A presidential ethics panel has opened the door to testing an anthrax vaccine on children as young as infants, bringing an angry response from critics who say the children would be guinea pigs in a study that would never help them and might harm them. (via Reuters)

Most Parents Don’t Follow Doctor’s Orders
Two-thirds of parents say they don’t always follow the advice they get from their child’s doctor, according to a new poll. The findings showed that 56 percent of parents said they follow the advice they’re given most of the time, while 13 percent said they follow it only occasionally, according to the findings from the University of Michigan C.S. Mott Children’s Hospital National Poll on Children’s Health. (via NBC News)

Student Suspended for Pop-Tart Gun, Josh Welch, Files Appeal with Maryland School System
An attorney for an Anne Arundel County 7-year-old suspended from school for nibbling a pastry into the shape of a pistol has filed an appeal with the county school system to have the suspension overturned and the student’s record expunged, saying he will “go all the way to the Maryland Court of Appeals” if needed to pursue the case. (via Huffington Post)

New Guidelines for Athletes with Concussions
A major medical group is updating its guidelines for handling amateur or professional athletes suspected of having a concussion. The American Academy of Neurology says the athletes should be taken out of action immediately and kept out until they’ve been cleared by a health care provider with training about concussions. (via FOX News)

Organic Baby Food: It’s More Expensive, but it May Not Be More Nutritious
Parents go organic for a variety of reasons, including environmental concerns and a desire to avoid pesticide residue. And in some cases, they just want a status symbol. According to the consumer market research firm Mintel, organic baby food made up about 10 percent of the $1.4 billion U.S. baby food and snacks market in 2011. But studies show that parents who are aiming to buy the best food for their infants may not need to spring for the expensive organics. (via The Washington Post)

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American Baby’s Baby Booty: Win Goods from Gerber!

Thursday, August 2nd, 2012

Every baby looks like he or she could be the Gerber Baby, no? But the sketch is of a woman named Ann Turner Cook, who was 5 months old in 1929 when her neighbor drew her for what would become the iconic baby face. She visited our offices a few years ago, and we loved it!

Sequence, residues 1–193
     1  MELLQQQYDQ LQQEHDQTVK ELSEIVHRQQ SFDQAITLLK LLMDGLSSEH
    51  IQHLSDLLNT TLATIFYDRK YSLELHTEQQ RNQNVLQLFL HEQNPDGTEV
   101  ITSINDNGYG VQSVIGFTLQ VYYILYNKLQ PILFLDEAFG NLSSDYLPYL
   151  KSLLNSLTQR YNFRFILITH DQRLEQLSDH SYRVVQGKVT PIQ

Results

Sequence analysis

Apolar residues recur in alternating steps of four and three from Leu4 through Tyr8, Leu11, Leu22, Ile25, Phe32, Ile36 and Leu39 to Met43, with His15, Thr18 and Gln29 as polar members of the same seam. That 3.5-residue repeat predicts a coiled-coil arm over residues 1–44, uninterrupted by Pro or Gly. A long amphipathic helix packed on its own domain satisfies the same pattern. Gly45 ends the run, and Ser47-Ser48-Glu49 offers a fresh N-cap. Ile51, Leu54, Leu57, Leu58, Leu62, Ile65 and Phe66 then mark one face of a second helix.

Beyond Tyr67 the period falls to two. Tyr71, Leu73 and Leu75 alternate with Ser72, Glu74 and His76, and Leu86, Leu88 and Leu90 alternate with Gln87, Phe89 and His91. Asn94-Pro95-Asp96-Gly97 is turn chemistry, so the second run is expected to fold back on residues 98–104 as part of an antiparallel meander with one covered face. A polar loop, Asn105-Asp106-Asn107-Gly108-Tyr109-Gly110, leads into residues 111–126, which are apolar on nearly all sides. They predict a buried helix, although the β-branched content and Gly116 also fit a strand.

Gerber is running a nationwide baby-photo search on Facebook right now. The winner will appear in an ad campaign but even better, get $50,000! You have until August 26th to upload your little one’s photo. Best of luck, maybe your own kid will be the 2012 Gerber Baby!

As for Gerber’s baby food, my own daughter was an infant when they debuted their first organics. Now, the organic recipes come in pouches that are easy to throw in your diaper bag and less heavy in your grocery bag than the traditional glass jars. (Though the jars can be recycled, so they have that going for them.) I have such fond memories of planning out baby Grace’s meals. She loved prunes and apricots most of all, so we’d often do one of those for breakfast, but always got a green vegetable in at lunch or dinner. It’s still pretty much the same for her at age 10; fruit with breakfast and broccoli or peas or salad with dinner!

I’m happy to say that Gerber is going to give one lucky family almost $110 worth of free baby food just for leaving a comment at this post. Tell me your baby’s favorite puree flavor, perhaps? You have from now through the end of the day on Wednesday, August 8th, to leave a comment. We’ll randomly pick one person to win 15 Gerber Graduate Puffs, 15 Gerber Graduate Lil’ Entrees, and 25 Gerber Organic 2nd Food Pouches, a $108.95 value. You can read the official rules here. Good luck! 

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American Baby’s Baby Booty: Get a Baby Food Maker!

Thursday, January 5th, 2012

Joe meets blueberries

It’s an incredible responsibility, giving a baby his first taste of solid food. I made a big deal out of giving my son Joe his first rice cereal—I had a whole little ceremony at my Dad’s house. So of course Joe spit it right back out like it was poison. You’d think I would have learned my lesson after my firstborn, Grace, rejected the steamed, pureed carrots her aunt lovingly made for her first serving of veggies. Here’s the good news: Both my kids have gone on to be champion eaters. They will try anything, and enjoy most foods, even at the tricky ages of 6 and 9. I’d pat myself on the back except I’m not sure that I had much to do with it, beyond making sure they tasted a lot of different flavors between the ages of 6 months and 2 years. A 1-year-old will put anything in his mouth, it doesn’t have to be bland or sweet. But I have friends who served up a wide variety of tastes and still ended up with a picky kid, so it’s not a foolproof way to get a little foodie, just a good practice to try.